We examine the effect of competition laws on external financing and investment decisions around the world. Using a large sample of 21,801 firms across 32 countries, we find a positive association between the stringency of competition laws, and external financing and investment. Our finding is robust to several sensitivity tests, including using alternative measures of external financing and investment, alternative samples and a first-difference change analysis. In cross-sectional analyses, we find that the positive association between the stringency of competition laws and external financing and investment is stronger for financially constrained firms, poorly governed firms, and firms in countries with poorer investor protection and weaker legal enforcement. Collectively, our results support the governance role of intensifying market competition in influencing external financing and investment. Using a sample that covers diverse industries and many countries, our study improves our understanding of the effects of market competition, particularly how variation in institutional settings matters for the success of competition laws and should be of value to policymakers.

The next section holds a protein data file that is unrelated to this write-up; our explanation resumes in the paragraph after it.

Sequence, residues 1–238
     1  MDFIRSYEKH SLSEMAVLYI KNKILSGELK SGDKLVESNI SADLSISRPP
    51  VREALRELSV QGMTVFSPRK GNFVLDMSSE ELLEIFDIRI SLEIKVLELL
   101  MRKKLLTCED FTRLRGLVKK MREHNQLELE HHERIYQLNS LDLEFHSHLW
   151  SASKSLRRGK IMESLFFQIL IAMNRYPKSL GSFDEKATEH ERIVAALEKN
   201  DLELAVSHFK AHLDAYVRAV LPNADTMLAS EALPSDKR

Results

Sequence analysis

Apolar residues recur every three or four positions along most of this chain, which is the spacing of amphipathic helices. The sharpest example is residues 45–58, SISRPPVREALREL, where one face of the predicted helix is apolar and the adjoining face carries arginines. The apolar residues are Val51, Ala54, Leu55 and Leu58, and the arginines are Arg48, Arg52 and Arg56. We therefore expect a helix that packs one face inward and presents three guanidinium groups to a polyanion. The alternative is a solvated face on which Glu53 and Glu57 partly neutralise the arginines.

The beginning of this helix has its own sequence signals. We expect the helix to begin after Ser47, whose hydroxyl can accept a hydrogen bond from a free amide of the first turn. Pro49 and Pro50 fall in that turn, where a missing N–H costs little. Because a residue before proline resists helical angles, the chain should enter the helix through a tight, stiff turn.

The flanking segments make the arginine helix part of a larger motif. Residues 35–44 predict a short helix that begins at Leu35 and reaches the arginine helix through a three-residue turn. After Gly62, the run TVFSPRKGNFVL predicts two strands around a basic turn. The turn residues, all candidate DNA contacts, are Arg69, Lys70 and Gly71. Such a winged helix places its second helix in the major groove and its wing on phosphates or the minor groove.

|Journal||Journal of International Financial Markets, Institutions and Money|
|Early online date||30 Nov 2022|
|Publication status||Published - Jan 2023|
Bibliographical noteFunding Information:
An earlier version of this paper was entitled - Real Effects of Competition Laws: International Evidence.
© 2022 Elsevier B.V.
- Competition laws
- Corporate governance
- External financing